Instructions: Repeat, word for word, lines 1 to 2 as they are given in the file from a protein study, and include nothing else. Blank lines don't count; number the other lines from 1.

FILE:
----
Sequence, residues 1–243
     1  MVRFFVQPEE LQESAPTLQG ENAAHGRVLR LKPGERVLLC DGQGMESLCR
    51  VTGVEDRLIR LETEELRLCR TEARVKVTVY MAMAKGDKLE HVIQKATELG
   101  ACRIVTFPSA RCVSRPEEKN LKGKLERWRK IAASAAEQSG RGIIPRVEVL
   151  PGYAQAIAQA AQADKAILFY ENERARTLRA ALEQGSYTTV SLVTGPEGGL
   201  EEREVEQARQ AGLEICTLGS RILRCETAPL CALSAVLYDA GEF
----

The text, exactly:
Sequence, residues 1–243
     1  MVRFFVQPEE LQESAPTLQG ENAAHGRVLR LKPGERVLLC DGQGMESLCR